Therefore, if there is any encouragement in Christ, if any consolation of love, if any fellowship of the Spirit, if any affection and compassion, make my joy complete by being of the same mind, maintaining the same love, united in spirit, intent on one purpose. Do nothing from selfishness or empty conceit, but with humility consider one another as more important than yourselves; do not merely look out for your own personal interests, but also for the interests of others.
When a husband looks out for this family over and above his own needs and desires, he is modeling selflessness. When a wife gives her opinions and objections and then accepts the decisions her husband makes, she is being selfless. And when kindness and understanding outweigh the need for an “I told you so!” after a decision goes south, we are modeling selflessness.
What the World Needs Now is Selfless Love
How does this concept of selflessness relate to the gospel and Christian living? We need to look no further than Jesus’ words to the self-righteous lawyer who was trying to test Jesus. The exchange is found in Luke 10:25-37. You remember it as the story of the good Samaritan. But the exchange that takes place between the lawyer and Jesus is what is really interesting here. The lawyer asks, “What shall I do to inherit eternal life?” Jesus answers with a question of his own, “What does the law say?” The lawyer replies correctly with, “You shall love the Lord you God with all your heart, and with all our soul and with all your strength and with all your mind; And your neighbor as yourself.” The lawyer doesn’t get hung up on the loving God part, he is hung up on defining who his neighbor is. Who exactly does he have to love so selflessly to inherit eternal life? The answer is in the story of the good Samaritan, anyone who is in need of selfless love.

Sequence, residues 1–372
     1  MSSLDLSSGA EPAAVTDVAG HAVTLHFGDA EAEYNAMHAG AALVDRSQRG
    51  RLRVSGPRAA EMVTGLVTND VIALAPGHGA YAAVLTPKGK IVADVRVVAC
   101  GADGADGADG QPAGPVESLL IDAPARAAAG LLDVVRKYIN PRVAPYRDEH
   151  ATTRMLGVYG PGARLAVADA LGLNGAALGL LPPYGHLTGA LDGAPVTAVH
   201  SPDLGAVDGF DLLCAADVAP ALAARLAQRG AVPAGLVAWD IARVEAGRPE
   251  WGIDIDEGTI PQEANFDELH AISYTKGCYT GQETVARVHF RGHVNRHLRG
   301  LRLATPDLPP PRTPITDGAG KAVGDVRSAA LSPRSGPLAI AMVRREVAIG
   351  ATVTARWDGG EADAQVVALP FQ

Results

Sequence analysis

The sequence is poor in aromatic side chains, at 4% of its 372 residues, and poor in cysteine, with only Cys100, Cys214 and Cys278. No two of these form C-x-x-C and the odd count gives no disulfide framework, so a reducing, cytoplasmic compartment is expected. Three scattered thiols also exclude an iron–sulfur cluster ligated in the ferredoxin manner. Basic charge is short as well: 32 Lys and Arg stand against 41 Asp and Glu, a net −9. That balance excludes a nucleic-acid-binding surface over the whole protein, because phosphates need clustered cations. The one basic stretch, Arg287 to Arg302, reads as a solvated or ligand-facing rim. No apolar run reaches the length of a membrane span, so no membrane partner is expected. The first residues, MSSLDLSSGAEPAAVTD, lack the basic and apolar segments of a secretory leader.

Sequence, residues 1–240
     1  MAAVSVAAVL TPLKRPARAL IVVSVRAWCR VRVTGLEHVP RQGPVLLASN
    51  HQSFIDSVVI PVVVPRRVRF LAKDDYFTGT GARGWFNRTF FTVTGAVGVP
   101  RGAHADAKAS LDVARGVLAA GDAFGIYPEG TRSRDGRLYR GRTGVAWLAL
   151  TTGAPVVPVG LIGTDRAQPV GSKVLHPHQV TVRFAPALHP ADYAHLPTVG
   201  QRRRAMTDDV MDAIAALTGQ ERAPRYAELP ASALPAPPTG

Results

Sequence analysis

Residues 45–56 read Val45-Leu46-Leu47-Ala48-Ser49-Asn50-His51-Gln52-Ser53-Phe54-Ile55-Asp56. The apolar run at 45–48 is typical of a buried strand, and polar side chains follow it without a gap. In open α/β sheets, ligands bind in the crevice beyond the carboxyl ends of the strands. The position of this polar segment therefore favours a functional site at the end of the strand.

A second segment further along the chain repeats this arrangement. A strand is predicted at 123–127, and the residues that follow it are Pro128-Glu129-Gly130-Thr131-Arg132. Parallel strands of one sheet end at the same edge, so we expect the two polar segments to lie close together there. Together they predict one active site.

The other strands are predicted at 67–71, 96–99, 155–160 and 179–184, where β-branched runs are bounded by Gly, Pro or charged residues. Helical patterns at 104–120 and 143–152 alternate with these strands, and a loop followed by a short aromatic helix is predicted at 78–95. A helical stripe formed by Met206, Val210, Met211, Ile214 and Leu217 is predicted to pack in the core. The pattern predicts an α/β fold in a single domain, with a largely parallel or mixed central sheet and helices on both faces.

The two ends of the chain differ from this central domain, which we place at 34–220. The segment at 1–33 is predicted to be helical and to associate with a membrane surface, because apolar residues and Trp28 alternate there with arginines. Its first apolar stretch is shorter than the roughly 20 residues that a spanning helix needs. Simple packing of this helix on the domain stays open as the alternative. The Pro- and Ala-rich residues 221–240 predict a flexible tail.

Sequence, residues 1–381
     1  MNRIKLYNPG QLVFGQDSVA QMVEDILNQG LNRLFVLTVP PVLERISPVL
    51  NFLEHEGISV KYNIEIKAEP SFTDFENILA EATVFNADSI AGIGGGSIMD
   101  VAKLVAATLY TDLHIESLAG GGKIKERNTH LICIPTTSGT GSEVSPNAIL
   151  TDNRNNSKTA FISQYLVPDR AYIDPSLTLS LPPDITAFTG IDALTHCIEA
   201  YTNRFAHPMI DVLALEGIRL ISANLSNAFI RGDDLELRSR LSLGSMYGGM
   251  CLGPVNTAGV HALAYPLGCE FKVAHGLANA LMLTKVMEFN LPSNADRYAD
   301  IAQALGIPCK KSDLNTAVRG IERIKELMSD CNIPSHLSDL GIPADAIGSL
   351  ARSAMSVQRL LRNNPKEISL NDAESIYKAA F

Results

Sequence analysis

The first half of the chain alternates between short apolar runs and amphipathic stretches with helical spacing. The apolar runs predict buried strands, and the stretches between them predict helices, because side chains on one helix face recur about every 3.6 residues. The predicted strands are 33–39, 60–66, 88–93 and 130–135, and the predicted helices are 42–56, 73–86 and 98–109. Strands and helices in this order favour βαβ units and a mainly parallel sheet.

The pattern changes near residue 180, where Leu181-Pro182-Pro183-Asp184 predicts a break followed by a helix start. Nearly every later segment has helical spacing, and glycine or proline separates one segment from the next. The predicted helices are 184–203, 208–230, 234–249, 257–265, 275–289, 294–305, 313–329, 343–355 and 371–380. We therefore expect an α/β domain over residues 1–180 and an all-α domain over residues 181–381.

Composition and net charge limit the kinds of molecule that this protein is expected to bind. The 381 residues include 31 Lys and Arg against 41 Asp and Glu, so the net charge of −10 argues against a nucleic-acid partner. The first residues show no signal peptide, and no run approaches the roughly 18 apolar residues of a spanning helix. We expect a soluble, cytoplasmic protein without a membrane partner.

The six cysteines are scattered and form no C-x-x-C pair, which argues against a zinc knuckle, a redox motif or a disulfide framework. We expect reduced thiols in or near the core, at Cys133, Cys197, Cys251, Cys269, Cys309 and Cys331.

Likes, Shares, or Quiet Selflessness?
Our children are inundated with the concept that self is number one. We see it everywhere. And sadly, most altruism is done with a motivation of self-aggrandizement. Likes, shares, and the thought of a viral video are more important than the act of service. Where will our children learn the value of quiet selflessness? One of the best places is in the everyday classroom of your home and your marriage. They will sneak-a-peak of selfless love when we unwittingly model it for them at home. Not necessarily intentional moments, but moments that are unplanned and unexpected, moments that come about in conflict or inconvenience. Those are the lessons that will scream authenticity, no likes or shares necessary!
A healthy Christian marriage can be a daily classroom for how to be a servant leader and how to maintain a humble and selfless attitude toward others. Your children are less likely to observe these traits in the world because the world tells us that leadership is about power and control and self-interest is the primary driver of personal happiness. If they are not learning about servant leadership and selflessness at home, it’s not likely they will learn these lessons.
Take some time today to pray about your own heart. Have you been so caught up in your own needs that you have ignored the needs of those in your own home? Ask God to give you a heart of submission, selflessness, and service. And watch to see if your children notice the change in you. I’d love to hear about it!